607     % T4R1  T4R32
     598    % S1R2 T1R3
     599    % S1R1  T1R5
     600    % S2R1  T2R7
     601    % S2R2   T2R8
     602    % S3R2  T3R28
     603    % S3R1    T3R29
     604    % S4R2  T4R31
     605    % S4R1  T4R32
    608606   
    609607
     
    616614
    617615 All of these tests were simulated using ANUGA. The Mid-depth water
    618 velocity and wave height measured on the approach section were as
    619 boundary conditions for the ANUGA simulations.  For both the
    620 experimental and simulation results the zero data was the still water
    621 line. The origin of the x coordinate is the toe of the beach, x
    622 measured positive shorewards A Manning's friction coefficient of zero
    623 was used.  To quantify the difference between the simulated stage and
    624 the experimental stage the Root Mean Square Deviation (RMSD)
     616velocity and wave height measured on the approach section were used as
     617boundary conditions for the ANUGA simulations.  The origin of the z
     618coordinate was the still water line, positive upwards. The origin of
     619the x coordinate was the toe of the beach, x measured positive
     620shorewards A Manning's friction coefficient of zero was used.  To
     621quantify the difference between the simulated stage and the
     622experimental stage the Root Mean Square Deviation (RMSD)
    625623(\cite{Kobayshi2000}) was used
    626624
     
    630628
    631629 Figures \ref{fig:S1-rmsd} to \ref{fig:S4-rmsd} show the RMSD of each
    632  sensor in four tests and the location where each wave broke.  The
     630 sensor for all tests and the location where each wave broke.  The
    633631 RMSD is calculated over the time of the experiment.
    634632 
     
    652650\caption{RMSD of stage between the wave tank and ANUGA for S3R1 and
    653651S3R2. Horizontal lines represent the x location of breaking waves.
    654 Circles represent gauges shown in \ref{fig:S3-stage-compares}}
     652The circles represent gauges shown in \ref{fig:S3-stage-compares}}
    655653% More, circles represent gauges shown in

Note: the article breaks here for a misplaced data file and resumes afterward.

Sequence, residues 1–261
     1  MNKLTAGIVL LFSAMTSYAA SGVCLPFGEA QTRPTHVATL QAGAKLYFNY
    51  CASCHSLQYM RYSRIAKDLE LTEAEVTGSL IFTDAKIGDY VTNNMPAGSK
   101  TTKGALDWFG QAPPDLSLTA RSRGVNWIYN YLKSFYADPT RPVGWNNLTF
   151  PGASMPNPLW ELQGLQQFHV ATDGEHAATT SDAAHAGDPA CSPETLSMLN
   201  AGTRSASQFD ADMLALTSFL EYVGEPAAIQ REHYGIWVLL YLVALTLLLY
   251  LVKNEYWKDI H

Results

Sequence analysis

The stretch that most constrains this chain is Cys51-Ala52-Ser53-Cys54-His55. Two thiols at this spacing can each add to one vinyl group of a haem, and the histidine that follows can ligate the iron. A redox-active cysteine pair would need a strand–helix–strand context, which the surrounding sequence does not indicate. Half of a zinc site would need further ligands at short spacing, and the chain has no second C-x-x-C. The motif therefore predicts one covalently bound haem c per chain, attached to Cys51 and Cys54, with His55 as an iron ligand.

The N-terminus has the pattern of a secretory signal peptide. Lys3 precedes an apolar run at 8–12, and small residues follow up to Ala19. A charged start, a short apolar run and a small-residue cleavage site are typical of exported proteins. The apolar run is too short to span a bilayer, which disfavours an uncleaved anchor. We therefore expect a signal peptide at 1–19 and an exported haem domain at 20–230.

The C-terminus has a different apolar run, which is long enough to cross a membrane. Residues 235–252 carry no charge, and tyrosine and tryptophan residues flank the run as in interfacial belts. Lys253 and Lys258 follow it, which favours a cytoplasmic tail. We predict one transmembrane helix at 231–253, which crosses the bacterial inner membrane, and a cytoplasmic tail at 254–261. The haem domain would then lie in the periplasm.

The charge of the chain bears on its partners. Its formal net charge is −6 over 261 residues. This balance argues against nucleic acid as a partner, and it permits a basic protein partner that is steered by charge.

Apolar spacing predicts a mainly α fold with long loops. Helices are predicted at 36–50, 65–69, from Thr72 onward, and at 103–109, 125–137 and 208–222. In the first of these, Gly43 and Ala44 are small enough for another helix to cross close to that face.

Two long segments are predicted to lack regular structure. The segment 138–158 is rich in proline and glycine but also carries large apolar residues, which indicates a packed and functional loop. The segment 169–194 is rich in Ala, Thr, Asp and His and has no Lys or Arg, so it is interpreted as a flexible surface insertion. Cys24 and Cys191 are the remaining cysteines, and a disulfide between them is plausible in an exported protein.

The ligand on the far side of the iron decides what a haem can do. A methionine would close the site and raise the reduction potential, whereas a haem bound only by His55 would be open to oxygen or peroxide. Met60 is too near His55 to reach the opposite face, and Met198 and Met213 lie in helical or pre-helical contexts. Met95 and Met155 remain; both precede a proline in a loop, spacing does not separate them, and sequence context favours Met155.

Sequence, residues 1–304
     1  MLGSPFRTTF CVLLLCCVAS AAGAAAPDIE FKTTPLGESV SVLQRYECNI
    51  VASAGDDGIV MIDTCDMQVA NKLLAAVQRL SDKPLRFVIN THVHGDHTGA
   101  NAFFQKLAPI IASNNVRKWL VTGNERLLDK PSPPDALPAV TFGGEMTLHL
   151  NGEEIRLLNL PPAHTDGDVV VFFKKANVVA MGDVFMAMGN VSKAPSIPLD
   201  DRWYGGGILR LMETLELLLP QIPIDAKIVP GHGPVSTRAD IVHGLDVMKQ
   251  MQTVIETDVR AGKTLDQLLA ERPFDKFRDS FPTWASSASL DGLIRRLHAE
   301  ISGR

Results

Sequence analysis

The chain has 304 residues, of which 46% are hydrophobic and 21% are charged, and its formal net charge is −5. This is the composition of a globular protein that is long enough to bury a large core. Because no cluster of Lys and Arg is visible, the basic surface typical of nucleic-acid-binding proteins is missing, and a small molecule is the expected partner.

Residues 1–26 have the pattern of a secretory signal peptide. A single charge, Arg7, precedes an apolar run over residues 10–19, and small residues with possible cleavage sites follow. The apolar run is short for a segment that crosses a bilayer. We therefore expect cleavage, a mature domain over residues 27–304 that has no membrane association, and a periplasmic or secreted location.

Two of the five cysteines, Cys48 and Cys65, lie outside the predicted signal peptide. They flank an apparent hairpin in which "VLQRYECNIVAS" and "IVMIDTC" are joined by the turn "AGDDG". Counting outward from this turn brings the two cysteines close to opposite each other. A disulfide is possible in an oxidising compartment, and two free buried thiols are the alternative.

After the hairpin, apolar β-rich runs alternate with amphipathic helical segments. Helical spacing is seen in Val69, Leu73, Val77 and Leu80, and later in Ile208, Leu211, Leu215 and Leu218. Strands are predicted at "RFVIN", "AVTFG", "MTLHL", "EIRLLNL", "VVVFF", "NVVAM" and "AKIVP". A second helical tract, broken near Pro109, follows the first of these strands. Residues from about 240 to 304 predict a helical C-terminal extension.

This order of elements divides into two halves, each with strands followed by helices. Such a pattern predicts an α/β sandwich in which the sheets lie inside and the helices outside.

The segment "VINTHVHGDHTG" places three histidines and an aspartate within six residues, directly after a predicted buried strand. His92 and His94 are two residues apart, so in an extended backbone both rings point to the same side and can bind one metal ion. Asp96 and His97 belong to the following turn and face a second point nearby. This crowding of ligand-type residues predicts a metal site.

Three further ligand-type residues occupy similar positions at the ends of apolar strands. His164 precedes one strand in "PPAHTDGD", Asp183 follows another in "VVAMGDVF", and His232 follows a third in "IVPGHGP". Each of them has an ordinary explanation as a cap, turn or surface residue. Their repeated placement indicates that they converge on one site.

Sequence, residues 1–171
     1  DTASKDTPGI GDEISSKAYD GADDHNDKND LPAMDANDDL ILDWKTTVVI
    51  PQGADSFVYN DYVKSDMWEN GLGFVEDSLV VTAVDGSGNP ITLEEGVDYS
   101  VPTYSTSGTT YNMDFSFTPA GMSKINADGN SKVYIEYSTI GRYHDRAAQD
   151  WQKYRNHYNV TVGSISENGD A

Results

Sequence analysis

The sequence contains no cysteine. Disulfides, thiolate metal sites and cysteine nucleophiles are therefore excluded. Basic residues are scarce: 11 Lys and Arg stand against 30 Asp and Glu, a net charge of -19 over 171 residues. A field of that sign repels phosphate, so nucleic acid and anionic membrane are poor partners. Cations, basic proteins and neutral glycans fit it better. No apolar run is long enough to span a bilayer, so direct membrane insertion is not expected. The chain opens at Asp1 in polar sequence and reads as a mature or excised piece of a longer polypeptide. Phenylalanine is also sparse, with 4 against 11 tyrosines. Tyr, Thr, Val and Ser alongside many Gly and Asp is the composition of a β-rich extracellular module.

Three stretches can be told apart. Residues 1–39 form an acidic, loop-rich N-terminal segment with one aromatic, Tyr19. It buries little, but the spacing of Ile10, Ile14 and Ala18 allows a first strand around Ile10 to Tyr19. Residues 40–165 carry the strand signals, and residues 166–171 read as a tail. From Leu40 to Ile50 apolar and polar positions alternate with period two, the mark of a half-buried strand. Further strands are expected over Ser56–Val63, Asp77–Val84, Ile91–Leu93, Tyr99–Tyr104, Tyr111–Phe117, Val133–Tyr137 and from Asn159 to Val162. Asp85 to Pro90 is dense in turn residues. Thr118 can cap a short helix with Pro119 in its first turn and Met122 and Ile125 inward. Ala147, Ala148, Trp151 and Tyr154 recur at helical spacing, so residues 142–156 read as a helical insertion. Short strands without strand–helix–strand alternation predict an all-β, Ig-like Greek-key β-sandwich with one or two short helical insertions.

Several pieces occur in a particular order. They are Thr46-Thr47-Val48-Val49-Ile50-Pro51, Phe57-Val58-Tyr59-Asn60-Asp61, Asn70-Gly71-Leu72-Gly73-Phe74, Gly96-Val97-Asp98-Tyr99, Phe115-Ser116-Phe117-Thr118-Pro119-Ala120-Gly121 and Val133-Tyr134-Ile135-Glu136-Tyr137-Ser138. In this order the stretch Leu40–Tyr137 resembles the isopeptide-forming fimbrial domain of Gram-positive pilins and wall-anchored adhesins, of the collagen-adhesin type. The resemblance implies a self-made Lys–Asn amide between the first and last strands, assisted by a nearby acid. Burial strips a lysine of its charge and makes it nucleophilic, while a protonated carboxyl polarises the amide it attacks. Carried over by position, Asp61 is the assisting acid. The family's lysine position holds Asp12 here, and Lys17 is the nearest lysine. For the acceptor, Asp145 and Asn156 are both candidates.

656654%\protect{\ref{fig:S3-stage-compares}} Again, circles represent gauges
     
    667665
    668666For a more direct comparision between the simulation and the
    669 experiment the stages at three gauges, generally the initial, final
     667experiment the water stages at three gauges, generally the initial, final
    670668and worst fit, were compared in Figures \ref{fig:S1-stage-compare} to
    671 \ref{fig:S4-stage-compare}.
    672 
     669\ref{fig:S4-stage-compare}.
    673670
    674671\begin{figure}[htbp]
     
    702699\label{fig:S4-stage-compare}
    703700\end{figure}
     701
     702 Overall these results show an excellent level of agreement between
     703predicted and measured stage.  The RMSD figures generally show a
     704decrease in accuracy, the further the gauge is from the initial
     705condition, untill wave breaking.  Generally after wave breaking the
     706RMSD value decreases. This is a clear indication of ANUGA accurately
     707predicting the stage after the wave has broken.  There are
     708several points worth emphasising here.  Overall all of the RMSD values
     709are good.  There is not much difference between the worst and best
     710gauges (-0.7 m and 5.6m) for S1R1, for example.  A decrease in RMSD
     711does not necesarily mean the accuracy of ANUGA is improving.  For
     712example, in S4R1 the drop in RMSD between gauges 7.6 and 11.6 is partially due
     713to vertical water motion effecting gauge 7.6 and a decrease in the
     714time period where waves are being measured, as oppossed to still
     715water, for gauge 11.6.  Additionally, sensors near the wave run-up
     716have a lower amplitude than the wave at breaking, which can result in
     717a low RMSD, which may not be the case if the results were relative,
     718see gauge 5.6 and 7.6 \ref{fig:S1-stage-compare}.
     719
    704720
    705721